The loss of our manufacturing base will eventually sink the US economy. It's becoming painfully evident, even to the dimmest commentators that the growing body of employed is having a devastating effect of our economy, more than any Government deficit.
We've seen this movie before: Obama said he would work on behalf of Galesburg, IL, Maytag unionized workers who were losing their jobs due to Maytag moving jobs to Mexico.
Amborin posted about this in March of 2008, quoting from a Chi Tribune story of 2/1/2008 -- I can't remember my sign-in info for the ChiTrib and can't get in so will quote Amborin:
Maytag union says Obama did little to save jobs
BYLINE: By Bob Secter, Chicago Tribune
GALESBURG, Ill. _ Maytag workers whose jobs were shipped to Mexico serve as consistent characters in Barack Obama's stump speech. He employs their stories in railing against corporations that use trade pacts to replace well-paid union workers with low-cost foreign ones.
It is a ready applause line for the Illinois presidential hopeful, one that he has been reciting almost verbatim since he was a candidate for U.S. Senate in 2004, when appliance giant Maytag was in the process of shutting a refrigerator plant here, putting 1,600 people out of work.
But the union that represented most of those Galesburg workers isn't impressed with Obama's advocacy and has endorsed his Democratic rival, Hillary Clinton. Its leaders say they wish he had done more about their members' plight.
What rankles some is what Obama did not do even as he expressed solidarity four years ago with workers mounting a desperate fight to save their jobs.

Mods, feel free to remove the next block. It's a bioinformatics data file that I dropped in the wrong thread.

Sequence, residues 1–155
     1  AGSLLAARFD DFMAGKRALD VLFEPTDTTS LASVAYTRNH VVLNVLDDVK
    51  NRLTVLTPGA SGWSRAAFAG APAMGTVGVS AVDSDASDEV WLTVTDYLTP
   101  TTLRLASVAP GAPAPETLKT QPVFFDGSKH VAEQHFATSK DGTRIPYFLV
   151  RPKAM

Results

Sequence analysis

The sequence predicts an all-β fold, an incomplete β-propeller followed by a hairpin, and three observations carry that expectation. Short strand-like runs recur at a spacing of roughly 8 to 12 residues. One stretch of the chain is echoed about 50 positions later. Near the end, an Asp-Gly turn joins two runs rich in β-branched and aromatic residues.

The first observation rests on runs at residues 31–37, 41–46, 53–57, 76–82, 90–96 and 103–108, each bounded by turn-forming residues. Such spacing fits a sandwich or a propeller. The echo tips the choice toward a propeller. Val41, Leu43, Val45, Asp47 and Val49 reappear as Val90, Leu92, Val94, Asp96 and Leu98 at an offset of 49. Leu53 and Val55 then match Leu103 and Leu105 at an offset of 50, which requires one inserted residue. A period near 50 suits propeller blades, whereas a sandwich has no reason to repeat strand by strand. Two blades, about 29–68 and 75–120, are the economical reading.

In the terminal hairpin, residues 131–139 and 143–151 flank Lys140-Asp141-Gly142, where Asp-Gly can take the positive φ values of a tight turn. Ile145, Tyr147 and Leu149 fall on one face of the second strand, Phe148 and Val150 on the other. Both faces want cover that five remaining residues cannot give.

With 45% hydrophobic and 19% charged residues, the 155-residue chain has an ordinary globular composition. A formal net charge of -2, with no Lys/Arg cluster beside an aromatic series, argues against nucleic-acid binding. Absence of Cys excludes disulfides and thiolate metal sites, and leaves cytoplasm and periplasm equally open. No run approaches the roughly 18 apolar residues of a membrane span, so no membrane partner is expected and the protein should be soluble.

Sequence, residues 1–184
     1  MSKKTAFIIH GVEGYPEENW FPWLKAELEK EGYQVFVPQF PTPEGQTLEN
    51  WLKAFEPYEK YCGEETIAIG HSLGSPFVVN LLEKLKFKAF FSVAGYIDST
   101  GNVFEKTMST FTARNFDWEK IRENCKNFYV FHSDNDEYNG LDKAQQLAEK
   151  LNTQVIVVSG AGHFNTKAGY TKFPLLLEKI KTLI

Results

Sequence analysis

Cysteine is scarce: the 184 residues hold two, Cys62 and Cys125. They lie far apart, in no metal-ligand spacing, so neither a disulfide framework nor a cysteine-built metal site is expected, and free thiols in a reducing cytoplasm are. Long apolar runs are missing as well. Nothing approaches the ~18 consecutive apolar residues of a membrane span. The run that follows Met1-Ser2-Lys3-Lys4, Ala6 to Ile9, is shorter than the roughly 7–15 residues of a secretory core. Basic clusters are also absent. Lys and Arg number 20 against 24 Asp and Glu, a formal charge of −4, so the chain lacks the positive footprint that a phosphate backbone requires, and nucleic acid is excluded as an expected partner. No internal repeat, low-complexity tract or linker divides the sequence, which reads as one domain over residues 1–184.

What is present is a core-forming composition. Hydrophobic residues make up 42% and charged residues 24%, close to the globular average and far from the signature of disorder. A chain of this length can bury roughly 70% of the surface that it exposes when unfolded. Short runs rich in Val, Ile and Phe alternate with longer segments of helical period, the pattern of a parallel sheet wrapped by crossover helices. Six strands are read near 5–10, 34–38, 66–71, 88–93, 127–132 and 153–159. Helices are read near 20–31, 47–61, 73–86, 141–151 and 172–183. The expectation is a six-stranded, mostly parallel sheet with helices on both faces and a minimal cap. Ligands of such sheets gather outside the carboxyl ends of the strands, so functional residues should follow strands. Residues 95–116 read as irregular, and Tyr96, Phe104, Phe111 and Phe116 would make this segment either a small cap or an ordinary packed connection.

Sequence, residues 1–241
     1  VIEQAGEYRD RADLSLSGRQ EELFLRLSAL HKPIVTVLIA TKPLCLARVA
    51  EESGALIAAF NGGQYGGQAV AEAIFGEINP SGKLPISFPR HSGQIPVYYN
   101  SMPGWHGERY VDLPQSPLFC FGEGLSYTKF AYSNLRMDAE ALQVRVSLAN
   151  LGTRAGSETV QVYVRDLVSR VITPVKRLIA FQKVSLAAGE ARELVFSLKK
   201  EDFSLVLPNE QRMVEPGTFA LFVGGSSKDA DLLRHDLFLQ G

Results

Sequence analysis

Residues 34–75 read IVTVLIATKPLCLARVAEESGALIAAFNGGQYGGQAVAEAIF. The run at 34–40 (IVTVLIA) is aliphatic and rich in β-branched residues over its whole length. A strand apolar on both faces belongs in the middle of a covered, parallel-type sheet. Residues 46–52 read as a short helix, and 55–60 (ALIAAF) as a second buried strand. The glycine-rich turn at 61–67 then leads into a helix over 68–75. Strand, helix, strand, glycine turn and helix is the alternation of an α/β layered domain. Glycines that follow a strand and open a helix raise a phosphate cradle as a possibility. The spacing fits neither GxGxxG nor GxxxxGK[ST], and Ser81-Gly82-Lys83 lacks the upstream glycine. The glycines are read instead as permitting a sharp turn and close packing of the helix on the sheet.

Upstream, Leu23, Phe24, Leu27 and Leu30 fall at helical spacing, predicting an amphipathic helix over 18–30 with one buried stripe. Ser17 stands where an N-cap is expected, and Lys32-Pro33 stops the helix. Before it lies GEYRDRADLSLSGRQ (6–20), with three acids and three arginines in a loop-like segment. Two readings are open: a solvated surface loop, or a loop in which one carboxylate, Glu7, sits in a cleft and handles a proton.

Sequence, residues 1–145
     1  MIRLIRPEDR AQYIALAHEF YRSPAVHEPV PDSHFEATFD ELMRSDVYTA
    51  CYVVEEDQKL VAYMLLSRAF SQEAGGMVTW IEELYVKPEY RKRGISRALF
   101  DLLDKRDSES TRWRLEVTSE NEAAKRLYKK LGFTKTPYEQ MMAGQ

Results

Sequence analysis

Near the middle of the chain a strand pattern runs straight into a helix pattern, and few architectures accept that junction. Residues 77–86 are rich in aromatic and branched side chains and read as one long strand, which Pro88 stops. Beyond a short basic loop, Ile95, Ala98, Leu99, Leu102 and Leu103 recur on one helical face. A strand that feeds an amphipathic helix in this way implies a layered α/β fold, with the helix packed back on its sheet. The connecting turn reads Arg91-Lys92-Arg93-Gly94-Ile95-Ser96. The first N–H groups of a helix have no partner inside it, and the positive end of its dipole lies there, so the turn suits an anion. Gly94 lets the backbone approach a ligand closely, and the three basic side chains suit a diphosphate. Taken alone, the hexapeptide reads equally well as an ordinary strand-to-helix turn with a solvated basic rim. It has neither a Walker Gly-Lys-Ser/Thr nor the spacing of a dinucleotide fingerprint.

Obama had a special connection to Maytag: Lester Crown, one of the company's directors and biggest investors whose family, records show, has raised tens of thousands of dollars for Obama's campaigns since 2003. But Crown says Obama never raised the fate of the Galesburg plant with him, and the billionaire industrialist insists any jawboning would have been futile. (My emphasis in last paragraph)
Special relationship with a big corporate official? Gee, whodathunkit. Of course, there's also that walkback from strong regulation of Exelon's nuke plant leaks which contaminated well water of Sen. Obama's constituents....
Ah, the senator is parent to the president in dealing with Big Corporations?
"seeing the forest"? Hardly. Whirlpool is closing the Evansville plant because top mount refrigerators are not selling. People prefer bottom mount refrigerators. Which is why Whirlpool is expanding Amana, IA and moving top mount to Mexico. It's called "economies of scale".
And did you notice that Whirlpool just REOPENED the Ottawa, Ohio FREEZER PLANT? My friend you are looking at trees and missing the forest entirely.
Manufacturing in the United States is difficult. The cost of doing business is rediculously high even with the tax incentives. The best thing we can do to keep manufacturing in the U.S. is pass a comprehensive healthcare reform bill that includes a single payer option. That would allow companies to spend thier money on innovation, employee training and wages instead of healthcare premiums.